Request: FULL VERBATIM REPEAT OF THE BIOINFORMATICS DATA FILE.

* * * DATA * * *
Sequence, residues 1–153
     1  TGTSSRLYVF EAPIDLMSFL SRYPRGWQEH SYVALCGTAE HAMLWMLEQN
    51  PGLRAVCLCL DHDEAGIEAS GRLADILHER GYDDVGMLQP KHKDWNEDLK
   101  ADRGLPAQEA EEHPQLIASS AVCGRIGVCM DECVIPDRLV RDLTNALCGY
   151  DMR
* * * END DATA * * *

Sequence, residues 1–153
     1  TGTSSRLYVF EAPIDLMSFL SRYPRGWQEH SYVALCGTAE HAMLWMLEQN
    51  PGLRAVCLCL DHDEAGIEAS GRLADILHER GYDDVGMLQP KHKDWNEDLK
   101  ADRGLPAQEA EEHPQLIASS AVCGRIGVCM DECVIPDRLV RDLTNALCGY
   151  DMR